Massillon City Council appears to be "between a rock and a hard place" with nowhere to go but to go back to the Commission with "a perfect version" of the March 18th plan.

After the meeting, the SCPR spoke with Councilman Chovan (on police),  Councilwoman Del Rio Keller (on cuts), Councilman Lewis (on elected officials 10% cuts) and Councilman Manson in his takeaway from the night's discussion.

Councilman Chovan

Councilwoman Del Rio Keller

Councilman Lewis

Video in process.

Councilman Manson

Here is the complete video of that part of last night's work session dealing with council'
s consideration of and new/revised Restoration Plan.

Monday, April 13, 2015







Martin Olson <> 4/13/2015 7:17 AM

Could you fill me in on the complete background on your knowledge of and connection to Seth Peterson and the particulars of how you came to recruit him (his words, not mine - see video) to come to Stark County?


Alan Harold  Today at 11:57 AM
To:  Martin Olson

Hi Martin, thanks for the note.

Seth and I attended Mount Union College at the same time.  We had stayed in touch through his various professional positions, notably when he was IT Director for Canton City Schools.  We spoke first about his coming to work for the County two/three years ago when I was looking to hire an assistant director for the IT department.  The timing wasn't right for him at the time and we moved on here at the County.

Last spring, recall we had a backroom incident at IT related to a power surge.  As we analyzed our needs and the future direction of the department, I reached out to Seth about the possibility of him coming on board in the role he has now.  I'm glad we were able to bring him on board as having two high caliber professionals (Seth & Anita) in the IT department allows us to have the best infrastructure, new collaborations across all government, and better solutions for all of our users.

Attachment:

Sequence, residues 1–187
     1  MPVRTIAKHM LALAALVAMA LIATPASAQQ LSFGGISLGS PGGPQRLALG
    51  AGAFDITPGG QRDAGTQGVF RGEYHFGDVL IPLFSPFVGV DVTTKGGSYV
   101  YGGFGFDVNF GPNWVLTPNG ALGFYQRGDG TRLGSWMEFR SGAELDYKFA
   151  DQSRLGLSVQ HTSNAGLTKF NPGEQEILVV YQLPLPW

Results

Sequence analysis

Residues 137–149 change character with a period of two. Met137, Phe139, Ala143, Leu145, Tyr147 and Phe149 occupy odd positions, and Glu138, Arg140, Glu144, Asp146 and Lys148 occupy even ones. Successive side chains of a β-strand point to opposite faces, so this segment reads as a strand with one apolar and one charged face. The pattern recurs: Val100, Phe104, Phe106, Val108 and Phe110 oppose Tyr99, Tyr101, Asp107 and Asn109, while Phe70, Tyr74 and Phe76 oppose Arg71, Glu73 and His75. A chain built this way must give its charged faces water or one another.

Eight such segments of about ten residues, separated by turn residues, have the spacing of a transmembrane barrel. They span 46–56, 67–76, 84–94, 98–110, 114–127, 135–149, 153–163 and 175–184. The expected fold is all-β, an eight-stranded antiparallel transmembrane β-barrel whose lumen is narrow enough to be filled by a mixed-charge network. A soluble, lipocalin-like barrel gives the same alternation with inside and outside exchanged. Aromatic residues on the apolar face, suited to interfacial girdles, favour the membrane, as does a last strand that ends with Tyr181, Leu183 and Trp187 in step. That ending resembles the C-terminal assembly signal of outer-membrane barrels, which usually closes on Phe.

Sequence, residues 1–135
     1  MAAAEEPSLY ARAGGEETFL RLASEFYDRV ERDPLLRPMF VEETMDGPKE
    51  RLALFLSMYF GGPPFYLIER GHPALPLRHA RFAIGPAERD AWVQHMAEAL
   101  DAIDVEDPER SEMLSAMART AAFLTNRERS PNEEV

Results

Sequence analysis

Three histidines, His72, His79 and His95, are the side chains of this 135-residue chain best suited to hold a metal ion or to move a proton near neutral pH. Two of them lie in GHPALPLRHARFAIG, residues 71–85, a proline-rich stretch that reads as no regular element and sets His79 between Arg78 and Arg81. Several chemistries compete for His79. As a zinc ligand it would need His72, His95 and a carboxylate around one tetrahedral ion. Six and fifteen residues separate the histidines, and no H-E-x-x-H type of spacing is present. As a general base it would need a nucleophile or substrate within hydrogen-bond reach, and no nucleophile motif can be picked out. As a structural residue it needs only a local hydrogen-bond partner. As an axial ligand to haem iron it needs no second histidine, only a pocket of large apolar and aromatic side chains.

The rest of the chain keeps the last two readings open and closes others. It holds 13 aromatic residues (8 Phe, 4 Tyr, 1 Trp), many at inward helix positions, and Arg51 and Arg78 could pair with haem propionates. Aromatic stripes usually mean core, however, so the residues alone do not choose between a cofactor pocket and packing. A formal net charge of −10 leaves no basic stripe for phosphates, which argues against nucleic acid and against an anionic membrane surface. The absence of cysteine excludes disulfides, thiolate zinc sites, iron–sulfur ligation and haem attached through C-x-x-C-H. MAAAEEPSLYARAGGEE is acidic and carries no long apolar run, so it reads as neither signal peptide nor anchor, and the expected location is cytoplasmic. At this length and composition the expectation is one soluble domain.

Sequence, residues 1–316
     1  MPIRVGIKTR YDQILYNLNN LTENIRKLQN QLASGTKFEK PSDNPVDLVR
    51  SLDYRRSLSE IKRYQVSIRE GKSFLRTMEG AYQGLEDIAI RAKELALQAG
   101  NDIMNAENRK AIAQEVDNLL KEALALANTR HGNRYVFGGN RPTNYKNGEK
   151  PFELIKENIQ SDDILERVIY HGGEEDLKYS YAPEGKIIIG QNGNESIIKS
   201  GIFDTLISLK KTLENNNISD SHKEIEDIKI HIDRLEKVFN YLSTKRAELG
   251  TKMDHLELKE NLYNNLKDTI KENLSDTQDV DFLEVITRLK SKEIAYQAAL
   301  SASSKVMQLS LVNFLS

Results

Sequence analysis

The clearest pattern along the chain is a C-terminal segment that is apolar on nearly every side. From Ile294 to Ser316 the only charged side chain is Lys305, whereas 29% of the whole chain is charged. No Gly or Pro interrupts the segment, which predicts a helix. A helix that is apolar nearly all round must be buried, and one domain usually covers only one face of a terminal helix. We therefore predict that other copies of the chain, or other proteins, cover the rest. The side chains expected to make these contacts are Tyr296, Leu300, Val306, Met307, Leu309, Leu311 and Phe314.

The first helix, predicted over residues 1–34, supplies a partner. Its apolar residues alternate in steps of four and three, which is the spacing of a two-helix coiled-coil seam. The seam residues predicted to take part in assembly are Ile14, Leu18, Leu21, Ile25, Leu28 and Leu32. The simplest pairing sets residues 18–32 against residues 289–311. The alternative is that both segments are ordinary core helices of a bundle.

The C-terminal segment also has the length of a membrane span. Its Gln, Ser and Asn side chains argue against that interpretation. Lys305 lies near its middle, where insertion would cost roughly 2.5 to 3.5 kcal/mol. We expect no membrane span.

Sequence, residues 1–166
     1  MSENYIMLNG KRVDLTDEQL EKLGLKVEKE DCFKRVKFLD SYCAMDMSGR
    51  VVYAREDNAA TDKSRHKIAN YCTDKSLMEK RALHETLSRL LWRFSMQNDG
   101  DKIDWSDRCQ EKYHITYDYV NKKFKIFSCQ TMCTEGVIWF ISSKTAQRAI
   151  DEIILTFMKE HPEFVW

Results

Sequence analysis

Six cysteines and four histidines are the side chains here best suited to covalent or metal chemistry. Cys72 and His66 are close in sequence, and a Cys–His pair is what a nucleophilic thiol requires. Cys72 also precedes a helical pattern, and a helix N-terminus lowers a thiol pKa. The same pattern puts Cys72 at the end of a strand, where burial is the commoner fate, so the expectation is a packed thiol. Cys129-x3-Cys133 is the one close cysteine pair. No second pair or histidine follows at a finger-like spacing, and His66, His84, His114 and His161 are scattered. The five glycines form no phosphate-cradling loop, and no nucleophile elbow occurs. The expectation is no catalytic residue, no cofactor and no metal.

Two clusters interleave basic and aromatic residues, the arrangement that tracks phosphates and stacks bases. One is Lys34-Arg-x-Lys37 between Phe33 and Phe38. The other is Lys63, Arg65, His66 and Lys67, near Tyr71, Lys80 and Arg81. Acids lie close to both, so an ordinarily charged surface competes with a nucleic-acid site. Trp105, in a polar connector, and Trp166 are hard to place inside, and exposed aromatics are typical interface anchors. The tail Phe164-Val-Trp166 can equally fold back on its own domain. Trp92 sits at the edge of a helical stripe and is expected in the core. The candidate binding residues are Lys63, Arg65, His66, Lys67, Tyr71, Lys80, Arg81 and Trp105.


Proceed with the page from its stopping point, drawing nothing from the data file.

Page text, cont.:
Lastly, I don't know that it was covered in the meeting or in the video, but this is not all "new" money being invested into the Microsoft agreement.  We have a similar agreement with Oracle right now for various systems licensing that will be, in large part, phased out as Microsoft comes on-line.  While it will not be dollar-for-dollar savings, there will be a substantial reduction in other licensing expenses that will offset the costs of this new contract.

This is probably the most exciting time in the County IT department in at least a generation and I am so glad and so proud to have a great team in place to create and implement a better way to manage this critical asset of our local government.

Please let me know if you have any additional questions or if you need anything else.


Alan Harold
Stark County Auditor

The rumor is that some Stark County government offices are using the abacus (invented about 2700 BCE) to do their accounting work.

The SCPR is only kidding of course.

But there is little doubt that large parts of Stark County government and many Stark County political subdivisions are in the dark ages of technology.

One of the foremost advocates of updating the county's technology is Stark County Auditor Alan Harold.

Harold is kind of a "Luddite in reverse."

In reverse?

Yes, the original Luddites according to Wikipedia:

... were 19th-century English textile workers who protested newly developed labour-economizing technologies from 1811 to 1816. The stocking frames, spinning frames and power looms introduced during the Industrial Revolution threatened to replace the artisans with less-skilled, low-wage labourers, leaving them without work.
Recently, Harold (whose office handles information technology for Stark County government) hired a chief information technology person to smash (the SCPR's term not Harold's nor the technology chief) the antiquated information technology systems that are pervasive in offices across Stark county government.